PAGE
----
Orchid Vale Primary School

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About Orchid Vale Primary School

Name Orchid Vale Primary School
Website https://orchidvale-swindon.secure-dbprimary.com/swindon/primary/orchidvale
Ofsted Inspections
Head Teacher Mrs Ruth Lee
Address Torun Way, Haydon End, Swindon, SN25 1UG
Phone Number 01793745006
Phase Academy
Type Academy sponsor led
Age Range 3-11
Religious Character Does not apply
Gender Mixed
Number of Pupils 415
Local Authority Swindon
Highlights from Latest Inspection

What is it like to attend this school?

Pupils enjoy attending Orchid Vale Primary School.

The school is welcoming and inclusive. Pupils' pride in their school shines through. There is a positive and respectful culture throughout the school.

High expectations for behaviour are established right from the start. Pupils respond positively and behave well.

Pupils enthusiastically take on leadership roles.

This includes as reading ambassadors, school councillors, bullying ambassadors and change leaders. As a result, pupils have a say in how to make their school even better. For example, reading ambassadors are proud to have helped to design the new library.

Pupils say adults in school ...are kind and care for them. They know that they can talk to staff if they have a worry. As a result, pupils feel happy and safe.

The school provides a wide range of clubs. Pupils participate in cricket, dance, football, forest school and cheerleading. Pupils enjoy attending trips, for example to the theatre.

These enrichment activities help pupils to discover and develop new talents and to pursue their interests.

What does the school do well and what does it need to do better?

The school is ambitious for all pupils to achieve well. The school has worked closely with the trust to redesign the curriculum.

Together, they have considered what they want pupils to know and remember. As a result, the curriculum in most subjects is well structured.

Reading is a priority.

Children learn to read as soon as they start Reception Year. Pupils enjoy reading a wide variety of books. They talk animatedly about books they read, their favourite authors and genres.

They especially enjoy reading books written by the author after whom their class is named. Pupils develop a love of reading. This starts in nursery, where children enjoy singing rhymes and listening to stories.

Pupils read books that match the sounds they know. This helps them to read confidently, with fluency and accuracy.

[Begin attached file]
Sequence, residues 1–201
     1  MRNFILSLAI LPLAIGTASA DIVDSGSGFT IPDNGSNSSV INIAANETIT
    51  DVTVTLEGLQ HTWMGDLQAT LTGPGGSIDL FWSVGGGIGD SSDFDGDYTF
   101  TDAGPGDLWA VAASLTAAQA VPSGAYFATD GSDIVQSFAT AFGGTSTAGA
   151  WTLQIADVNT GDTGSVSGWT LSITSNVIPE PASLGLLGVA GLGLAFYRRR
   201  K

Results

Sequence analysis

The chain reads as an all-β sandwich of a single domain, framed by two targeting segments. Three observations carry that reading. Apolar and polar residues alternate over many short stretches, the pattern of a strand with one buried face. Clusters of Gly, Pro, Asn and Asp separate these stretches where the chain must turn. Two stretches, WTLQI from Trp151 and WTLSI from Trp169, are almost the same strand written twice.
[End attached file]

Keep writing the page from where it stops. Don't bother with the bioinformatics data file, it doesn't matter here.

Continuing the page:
Children in the early years learn knowledge that prepares them well for later learning.

In most subjects, pupils use what they already know to help them to understand new knowledge. Pupils enjoy learning and are keen to do well. Most teaching activities help pupils to learn and remember essential knowledge.

Where the curriculum is implemented successfully, staff check what pupils know, remember and can do. This helps them to identify where there are gaps in pupils' knowledge and understanding.

However, in some subjects, the curriculum is less well developed.

It does not identify the precise content that pupils need to learn. This means pupils do not develop their knowledge as effectively. In a few subjects, the school has not yet considered how to check effectively and support pupils to remember knowledge in the longer term.

Staff know pupils well. The school promptly identifies pupils with special educational needs and/or disabilities (SEND). Pupils with SEND receive the support and resources they need.

This starts in the early years, where children with SEND are well-supported to learn the same curriculum as their peers.

Pupils are polite and well mannered. Children in the early years have a positive start to school life and quickly learn the rules and routines.

They know how to share and to take turns.

The curriculum for personal development is a strength of the school. Pupils' learning goes beyond the academic subjects.

Pupils learn about right and wrong. They understand how to keep themselves healthy, both physically and mentally. Through the school's values, pupils learn about individuality, honesty and perseverance.

They understand that everyone is different and how to show kindness and respect.

The school and the trust share a clear vision. Both understand the school's strengths and know what it needs to do to improve.

The trust challenges and supports leaders effectively. Staff are proud of the school and feel well supported. The school has prioritised staff development so that staff develop secure subject knowledge.

The trust and the school provide an array of strategies to support staff well-being and workload.

Most parents are positive about the school. They say that staff are welcoming and approachable.


The arrangements for safeguarding are effective.

What does the school need to do to improve?

(Information for the school and appropriate authority)

• In a few foundation subjects, the curriculum is not as well developed as the curriculum in core subjects. It does not identify the precise content pupils need to learn.

Furthermore, in these subjects, the school does not check on how well pupils learn the curriculum. This means staff do not always know what pupils remember and can do. The school and trust need to ensure the curriculum is developed well in all subjects and checked for its impact on pupils' learning.

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